Bacteria major weapons in W. Nile war |

Bacteria major weapons in W. Nile war

Jeremy Heiman
Special to the Post Independent

Garfield County will rely heavily on biological weapons in its battle against West Nile virus this year.

West Nile virus, potentially deadly to humans, is expected to peak on the Western Slope this year. To counter the spread of the disease, county officials have hired Colorado Mosquito Control Inc. of Brighton on a $100,000 contract to control the insects known to carry West Nile.

Colorado Mosquito Control’s principal efforts in Garfield County will be against mosquitoes in their larval stage, which live in still water and are easier to eliminate than adult insects.

The anti-larvae campaign will rely primarily on biological methods, using specialized bacteria to attack mosquito larvae, said Michael McGinnis, the company’s president.

The company will use a bacterium called Bacillus thuringiensis israeliensis, or Bti, as its main weapon against mosquito larvae. Bti is a unique strain of the commonly used Bacillus thuringiensis (Bt), that has been found to attack only mosquitoes and very closely related midge flies.

A second biological agent, Bacillus sphaericus, will also be used, under different circumstances, McGinnis said. While Bti is most often used early in the season and as a general larvicide, B. sphaericus is more effective in situations where a body of water can’t be treated frequently, where a longer-lasting larvicide is needed.

B. sphaericus is even more specialized than Bti, McGinnis said. It only reproduces inside a dead mosquito larva.

“I don’t think it affects other nontarget insects at all,” McGinnis said.

Weekly inspections start in May

Bti is sold in donut-shaped cakes that are placed in shallow water, said Steve Anthony, Garfield County’s vegetation management specialist, who will administer the mosquito program for the county. B. sphaericus is distributed as a granular substance that can be spread by hand or sprayed as a wet mixture.

Areas that need to be treated with larvicide will be identified by mapping areas with standing water early in the season. These include stagnant ditches, flood-irrigated pastures, natural wetlands and wet stream bank areas.

“Once we get into May, we’ll start doing weekly inspections to find larvae in the water,” McGinnis said.

A third method, a chemical called Altosid, will be used to control mosquito larvae in areas that technicians can’t easily return to. Altosid is an insect growth regulator, a type of hormone.

“It doesn’t allow them to hatch out as an adult mosquito,” McGinnis said.

Altosid is used in areas that can only be reached once a month or even once a season, and in areas where Colorado Mosquito Control finds mosquitoes breeding even after repeated visits.

Altosid, too, isn’t known to affect other organisms in the environment.

“It’s very specific to mosquitoes,” McGinnis said. “It actually mimics mosquitoes’ hormones.” The company will most likely use Altosid in the form of pellets that last 30 days or in 150-day briquettes, he said.

Spraying limited to 1 ounce per acre

Colorado Mosquito Control may have to take measures against adult mosquitoes as well, McGinnis said.

Adult mosquitoes can sometimes be numerous even when larvicide methods are successful, McGinnis said, because mountain winds can move mosquitoes from one place to another pretty easily. So it’s likely that some adult mosquito control will be needed, McGinnis said.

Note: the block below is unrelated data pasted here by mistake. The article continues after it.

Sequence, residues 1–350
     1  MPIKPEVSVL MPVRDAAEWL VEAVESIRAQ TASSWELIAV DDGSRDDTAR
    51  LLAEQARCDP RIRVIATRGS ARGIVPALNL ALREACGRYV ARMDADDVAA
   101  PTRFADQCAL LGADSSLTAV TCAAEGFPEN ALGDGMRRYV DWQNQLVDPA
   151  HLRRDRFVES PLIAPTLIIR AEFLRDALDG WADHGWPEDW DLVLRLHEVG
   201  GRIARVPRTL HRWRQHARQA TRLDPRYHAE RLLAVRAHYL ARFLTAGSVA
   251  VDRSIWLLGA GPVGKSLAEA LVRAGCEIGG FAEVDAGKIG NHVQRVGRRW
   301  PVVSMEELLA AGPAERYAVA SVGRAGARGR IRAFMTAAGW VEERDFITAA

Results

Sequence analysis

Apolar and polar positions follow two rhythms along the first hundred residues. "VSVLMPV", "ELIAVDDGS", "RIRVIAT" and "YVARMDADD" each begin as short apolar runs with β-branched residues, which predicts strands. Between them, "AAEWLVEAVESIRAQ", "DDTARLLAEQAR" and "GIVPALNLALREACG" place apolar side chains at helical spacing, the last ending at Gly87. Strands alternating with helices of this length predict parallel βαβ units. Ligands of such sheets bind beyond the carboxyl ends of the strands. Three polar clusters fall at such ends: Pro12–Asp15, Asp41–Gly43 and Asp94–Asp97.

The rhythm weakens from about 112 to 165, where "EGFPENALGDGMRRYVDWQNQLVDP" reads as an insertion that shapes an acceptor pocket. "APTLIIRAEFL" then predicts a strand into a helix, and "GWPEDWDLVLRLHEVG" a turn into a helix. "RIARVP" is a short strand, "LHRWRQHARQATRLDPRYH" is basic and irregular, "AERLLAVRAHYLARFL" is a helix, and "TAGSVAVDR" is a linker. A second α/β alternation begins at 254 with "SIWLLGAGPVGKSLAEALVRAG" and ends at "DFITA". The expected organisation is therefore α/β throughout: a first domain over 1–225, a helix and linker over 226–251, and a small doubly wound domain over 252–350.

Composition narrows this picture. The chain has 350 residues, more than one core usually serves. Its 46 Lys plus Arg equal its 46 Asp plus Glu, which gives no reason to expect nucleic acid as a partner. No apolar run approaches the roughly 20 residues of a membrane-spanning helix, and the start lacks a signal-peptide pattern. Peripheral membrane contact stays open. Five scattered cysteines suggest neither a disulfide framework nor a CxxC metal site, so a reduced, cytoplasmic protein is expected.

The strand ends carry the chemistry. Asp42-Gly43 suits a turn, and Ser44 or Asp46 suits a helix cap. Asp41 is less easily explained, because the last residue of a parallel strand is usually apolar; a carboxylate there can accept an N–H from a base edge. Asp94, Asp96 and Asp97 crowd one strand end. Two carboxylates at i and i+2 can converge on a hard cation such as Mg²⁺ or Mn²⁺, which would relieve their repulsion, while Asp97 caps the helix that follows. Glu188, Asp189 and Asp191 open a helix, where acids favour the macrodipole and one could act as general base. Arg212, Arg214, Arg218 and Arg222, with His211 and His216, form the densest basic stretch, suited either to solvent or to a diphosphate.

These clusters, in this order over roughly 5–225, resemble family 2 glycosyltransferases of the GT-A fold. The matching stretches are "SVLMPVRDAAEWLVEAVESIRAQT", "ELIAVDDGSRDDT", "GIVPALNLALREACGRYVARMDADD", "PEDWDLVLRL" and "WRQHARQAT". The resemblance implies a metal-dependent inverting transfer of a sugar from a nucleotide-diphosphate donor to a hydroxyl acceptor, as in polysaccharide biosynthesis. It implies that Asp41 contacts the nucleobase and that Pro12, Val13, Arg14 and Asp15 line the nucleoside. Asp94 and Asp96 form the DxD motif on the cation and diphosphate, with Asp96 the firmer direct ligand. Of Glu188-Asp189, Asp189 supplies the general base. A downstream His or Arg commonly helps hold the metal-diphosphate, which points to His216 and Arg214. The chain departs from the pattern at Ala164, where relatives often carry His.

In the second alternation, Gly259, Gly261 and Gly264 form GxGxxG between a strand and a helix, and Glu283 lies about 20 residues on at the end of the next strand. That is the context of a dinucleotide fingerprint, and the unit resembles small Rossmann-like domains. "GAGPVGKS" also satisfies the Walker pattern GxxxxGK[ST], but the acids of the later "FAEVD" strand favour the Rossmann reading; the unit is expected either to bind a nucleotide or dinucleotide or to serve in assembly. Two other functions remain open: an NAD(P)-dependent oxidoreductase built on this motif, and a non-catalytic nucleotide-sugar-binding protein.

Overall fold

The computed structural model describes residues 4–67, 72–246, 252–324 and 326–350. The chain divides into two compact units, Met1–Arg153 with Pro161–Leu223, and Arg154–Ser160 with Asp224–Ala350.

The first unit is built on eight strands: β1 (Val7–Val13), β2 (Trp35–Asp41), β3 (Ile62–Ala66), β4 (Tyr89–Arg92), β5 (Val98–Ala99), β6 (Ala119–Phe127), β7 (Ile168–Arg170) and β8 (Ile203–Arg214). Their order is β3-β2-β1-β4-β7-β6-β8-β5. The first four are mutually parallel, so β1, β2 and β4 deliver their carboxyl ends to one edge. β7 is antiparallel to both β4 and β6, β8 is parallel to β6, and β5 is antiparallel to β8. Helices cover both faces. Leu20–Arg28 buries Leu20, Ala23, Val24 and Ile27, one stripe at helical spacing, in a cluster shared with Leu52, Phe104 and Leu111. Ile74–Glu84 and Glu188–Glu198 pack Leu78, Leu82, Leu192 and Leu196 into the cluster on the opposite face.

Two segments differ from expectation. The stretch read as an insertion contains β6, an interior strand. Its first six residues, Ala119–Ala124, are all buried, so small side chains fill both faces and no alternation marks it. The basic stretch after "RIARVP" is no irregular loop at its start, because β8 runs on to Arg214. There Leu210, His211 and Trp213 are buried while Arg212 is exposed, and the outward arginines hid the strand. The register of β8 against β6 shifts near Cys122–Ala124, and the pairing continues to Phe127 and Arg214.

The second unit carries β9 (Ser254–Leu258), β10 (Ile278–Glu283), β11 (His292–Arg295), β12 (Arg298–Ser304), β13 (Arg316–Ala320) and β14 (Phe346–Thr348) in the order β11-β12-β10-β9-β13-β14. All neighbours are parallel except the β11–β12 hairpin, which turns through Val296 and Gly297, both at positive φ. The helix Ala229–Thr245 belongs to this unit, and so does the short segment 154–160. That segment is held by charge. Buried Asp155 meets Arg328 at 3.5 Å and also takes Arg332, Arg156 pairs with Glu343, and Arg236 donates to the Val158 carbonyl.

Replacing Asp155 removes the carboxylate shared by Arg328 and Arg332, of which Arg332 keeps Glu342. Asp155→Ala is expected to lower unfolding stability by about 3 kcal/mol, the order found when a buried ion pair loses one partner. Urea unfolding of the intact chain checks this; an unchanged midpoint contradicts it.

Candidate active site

“But our goal is to minimize it,” he said.

Adult mosquitoes are controlled with toxic chemical spray, but the process has become less environmentally damaging in recent years.

Only areas with high numbers of mosquitoes and a significant threat of disease transmission will be sprayed, and only a minimal amount is necessary if the spraying is done correctly.

“We’re only putting out just over one ounce per acre,” McGinnis said.

The agent used to combat adult mosquitoes will be permethrin. This chemical is found in two different products, Biomist 315 and Aquareslin, McGinnis said. He’s not certain which product the company will be using this season.

Effective spraying of either of these products depends on putting out mist droplets of the correct size, 15 microns. These droplets are just the right size to kill mosquitoes and not affect other insects, McGinnis said.

Spraying is also timed for maximum effectiveness against mosquitoes and minimal effects for beneficial insects, such as honey bees and other pollinators. It’s done only at dusk, and just before dawn, when mosquitoes are active and most other insects are not.

Also, the spray doesn’t contain enough of its toxic ingredient to affect insects that are considerably larger than mosquitoes, McGinnis said.

The company’s mosquito control program will cover 50 square miles of the county, concentrating on towns and other heavily populated areas.

Carbondale, Glenwood Springs, New Castle, Silt, Rifle and Parachute cover about 16 square miles total, Anthony said. The remaining 34 square miles of coverage will be concentrated in populated rural areas.

West Nile virus infected 2,945 Colorado residents last year, and killed 55 in the state. Anthony said the disease is known to be most virulent in the second year it affects an area.

West Nile was first seen on Colorado’s Western Slope in the summer of 2003, so 2004 could be a bad year, Anthony said. The disease first affected the plains and foothills of eastern Colorado in 2002.

Contact Jeremy Heiman: 945-8515, ext. 534

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